Irene Macias
Paul Wellman

Soap bubbles and smiles from people of all ages welcomed the Santa Barbara Central Library’s re-opening this Monday. Over 50 people gathered in the library courtyard to witness the ribbon-cutting marking the end of a two-year, single-day closure.

In attendance were community and library officials including Mayor Helene Schneider, councilmembers Cathy Murillo and Frank Hotchkiss, and library boardmembers Catherine Radecki-Bush and Christine Roberts. The mood was celebratory, the commemorative speeches rounded out with face-painting and balloon animals.

“Two years ago, the decision was a tough one,” said Schneider. “No one wanted to make the decision. When we found we could bring Mondays back, it was very gratifying.”

Ribbon cutting
Paul Wellman

After numerous community requests, the city found the funds to pay for the library to keep its doors open seven days a week. The allocation for a year of Mondays is $154,000, which pays not only for staff but also for monitors to serve as security and support for the busy downtown location. Library director Irene Macias estimates that the library hosts between 1,500 and 2,000 people on a full day.

The Monday opening also benefits the over 800 children and teens participating in the summer reading program, “Dream Big — Read.” Summer sees an increase in the number of children using the library, including groups from the Santa Barbara Museum of Art and summer camps.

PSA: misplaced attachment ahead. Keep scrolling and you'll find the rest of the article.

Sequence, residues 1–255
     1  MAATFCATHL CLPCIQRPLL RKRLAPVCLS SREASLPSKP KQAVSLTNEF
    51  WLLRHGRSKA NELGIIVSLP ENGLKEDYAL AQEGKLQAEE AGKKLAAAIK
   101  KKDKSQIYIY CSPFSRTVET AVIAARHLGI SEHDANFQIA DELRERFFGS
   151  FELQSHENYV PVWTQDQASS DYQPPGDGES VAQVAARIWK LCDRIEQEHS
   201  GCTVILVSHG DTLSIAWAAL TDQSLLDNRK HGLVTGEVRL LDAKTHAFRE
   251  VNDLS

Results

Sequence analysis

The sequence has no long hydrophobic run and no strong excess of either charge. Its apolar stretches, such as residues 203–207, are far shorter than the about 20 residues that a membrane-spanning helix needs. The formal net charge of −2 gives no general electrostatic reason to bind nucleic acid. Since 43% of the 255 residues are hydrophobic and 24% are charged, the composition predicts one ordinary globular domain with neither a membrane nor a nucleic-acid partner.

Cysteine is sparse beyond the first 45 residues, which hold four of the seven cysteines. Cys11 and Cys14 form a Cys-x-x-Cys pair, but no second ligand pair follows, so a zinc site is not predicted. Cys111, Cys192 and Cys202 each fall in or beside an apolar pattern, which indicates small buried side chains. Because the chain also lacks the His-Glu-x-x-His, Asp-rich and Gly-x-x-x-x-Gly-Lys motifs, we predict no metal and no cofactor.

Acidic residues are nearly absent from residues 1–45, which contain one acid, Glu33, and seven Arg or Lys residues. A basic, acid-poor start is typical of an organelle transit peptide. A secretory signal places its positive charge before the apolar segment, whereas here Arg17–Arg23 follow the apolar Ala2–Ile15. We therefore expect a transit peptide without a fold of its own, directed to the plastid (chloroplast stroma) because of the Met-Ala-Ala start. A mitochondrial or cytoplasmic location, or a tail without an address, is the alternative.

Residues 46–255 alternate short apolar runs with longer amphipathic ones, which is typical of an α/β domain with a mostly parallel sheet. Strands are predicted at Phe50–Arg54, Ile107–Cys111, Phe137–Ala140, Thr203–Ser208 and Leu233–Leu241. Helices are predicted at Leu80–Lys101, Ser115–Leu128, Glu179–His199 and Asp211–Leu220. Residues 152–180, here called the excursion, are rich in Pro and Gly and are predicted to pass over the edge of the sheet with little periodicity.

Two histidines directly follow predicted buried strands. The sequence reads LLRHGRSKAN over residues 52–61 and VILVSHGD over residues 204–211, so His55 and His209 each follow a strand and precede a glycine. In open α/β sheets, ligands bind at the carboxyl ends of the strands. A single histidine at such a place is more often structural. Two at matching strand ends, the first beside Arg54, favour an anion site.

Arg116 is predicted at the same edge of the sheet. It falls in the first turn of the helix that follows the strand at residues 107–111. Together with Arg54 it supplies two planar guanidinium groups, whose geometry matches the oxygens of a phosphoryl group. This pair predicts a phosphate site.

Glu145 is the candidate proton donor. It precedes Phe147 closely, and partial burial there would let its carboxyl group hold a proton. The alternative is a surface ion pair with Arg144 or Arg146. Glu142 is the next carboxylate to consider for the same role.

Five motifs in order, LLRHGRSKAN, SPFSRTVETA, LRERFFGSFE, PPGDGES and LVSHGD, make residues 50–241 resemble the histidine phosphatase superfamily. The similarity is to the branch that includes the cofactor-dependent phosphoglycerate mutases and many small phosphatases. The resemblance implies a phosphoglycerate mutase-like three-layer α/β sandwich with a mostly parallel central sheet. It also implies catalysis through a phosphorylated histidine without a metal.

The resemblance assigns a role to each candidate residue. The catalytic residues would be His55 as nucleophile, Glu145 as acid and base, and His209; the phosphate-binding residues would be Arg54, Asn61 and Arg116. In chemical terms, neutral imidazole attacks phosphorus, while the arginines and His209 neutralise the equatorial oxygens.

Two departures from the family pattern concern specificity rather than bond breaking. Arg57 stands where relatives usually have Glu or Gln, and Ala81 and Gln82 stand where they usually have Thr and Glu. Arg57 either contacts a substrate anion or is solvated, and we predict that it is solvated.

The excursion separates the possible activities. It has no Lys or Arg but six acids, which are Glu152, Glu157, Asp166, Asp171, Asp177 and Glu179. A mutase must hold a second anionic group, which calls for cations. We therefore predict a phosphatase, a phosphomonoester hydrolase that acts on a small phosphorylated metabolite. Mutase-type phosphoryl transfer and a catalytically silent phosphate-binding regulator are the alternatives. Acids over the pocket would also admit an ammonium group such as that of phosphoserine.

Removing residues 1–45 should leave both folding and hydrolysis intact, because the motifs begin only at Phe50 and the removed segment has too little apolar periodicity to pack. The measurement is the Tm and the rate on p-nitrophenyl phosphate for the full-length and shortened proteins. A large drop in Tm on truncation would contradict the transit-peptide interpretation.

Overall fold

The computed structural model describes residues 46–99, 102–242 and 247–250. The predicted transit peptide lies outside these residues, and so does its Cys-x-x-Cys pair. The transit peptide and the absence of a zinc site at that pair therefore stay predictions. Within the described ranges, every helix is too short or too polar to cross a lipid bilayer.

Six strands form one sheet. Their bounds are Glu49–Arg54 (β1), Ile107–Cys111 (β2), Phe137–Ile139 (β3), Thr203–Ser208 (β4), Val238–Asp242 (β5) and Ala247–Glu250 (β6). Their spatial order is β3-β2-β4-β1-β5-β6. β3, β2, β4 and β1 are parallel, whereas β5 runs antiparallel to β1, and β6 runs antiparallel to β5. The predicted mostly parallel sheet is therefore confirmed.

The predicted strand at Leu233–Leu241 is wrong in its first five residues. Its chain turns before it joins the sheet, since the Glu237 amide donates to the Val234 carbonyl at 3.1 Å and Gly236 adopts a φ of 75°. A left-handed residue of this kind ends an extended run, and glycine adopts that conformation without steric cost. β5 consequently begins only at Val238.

“This is just the beginning of our restoration of the library,” said Councilmember Murillo. She described the library’s community literacy programs — especially those that support children from Spanish-speaking backgrounds — as critical for the community.

Mariano Avila, 12, has volunteered for the library since he was eight years old. To him, the library is, “a peaceful place to read, and when it’s quiet you can think and use your imagination.”

Mayor Schneider is confident that Monday openings are here to stay. “Unless there is another economic downfall, in which case we would have to review everything,” she said, “the library will be the last thing we cut in the future.”

The next step for the library is an expansion for the downstairs children’s section, which is still in its “quiet phase,” Macias said. The $5.5 million project, which would quadruple the size of the children’s library and create more children’s programs, is still waiting for its first major donor.


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